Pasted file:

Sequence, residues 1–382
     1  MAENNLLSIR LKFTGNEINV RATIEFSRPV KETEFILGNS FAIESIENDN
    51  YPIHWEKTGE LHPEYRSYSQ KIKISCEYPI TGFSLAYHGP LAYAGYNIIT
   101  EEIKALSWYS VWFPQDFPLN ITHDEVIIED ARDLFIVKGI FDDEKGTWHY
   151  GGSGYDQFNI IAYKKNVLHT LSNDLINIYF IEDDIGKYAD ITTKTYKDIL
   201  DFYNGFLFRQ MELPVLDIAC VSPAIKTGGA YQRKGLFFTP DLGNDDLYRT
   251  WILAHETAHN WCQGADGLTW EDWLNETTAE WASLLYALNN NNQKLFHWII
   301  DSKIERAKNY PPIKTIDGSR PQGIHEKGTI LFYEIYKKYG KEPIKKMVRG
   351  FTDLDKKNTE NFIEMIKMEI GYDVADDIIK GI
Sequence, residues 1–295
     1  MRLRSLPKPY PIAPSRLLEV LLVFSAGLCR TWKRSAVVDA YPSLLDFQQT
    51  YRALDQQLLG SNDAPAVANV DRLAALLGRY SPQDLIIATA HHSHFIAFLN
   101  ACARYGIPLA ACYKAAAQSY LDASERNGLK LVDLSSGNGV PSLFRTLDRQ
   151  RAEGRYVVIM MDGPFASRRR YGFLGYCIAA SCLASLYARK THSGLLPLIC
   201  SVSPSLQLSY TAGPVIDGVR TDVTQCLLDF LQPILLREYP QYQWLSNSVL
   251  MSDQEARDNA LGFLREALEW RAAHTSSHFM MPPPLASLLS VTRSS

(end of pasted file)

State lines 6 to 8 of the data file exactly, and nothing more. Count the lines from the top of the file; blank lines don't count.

   201  DFYNGFLFRQ MELPVLDIAC VSPAIKTGGA YQRKGLFFTP DLGNDDLYRT
   251  WILAHETAHN WCQGADGLTW EDWLNETTAE WASLLYALNN NNQKLFHWII
   301  DSKIERAKNY PPIKTIDGSR PQGIHEKGTI LFYEIYKKYG KEPIKKMVRG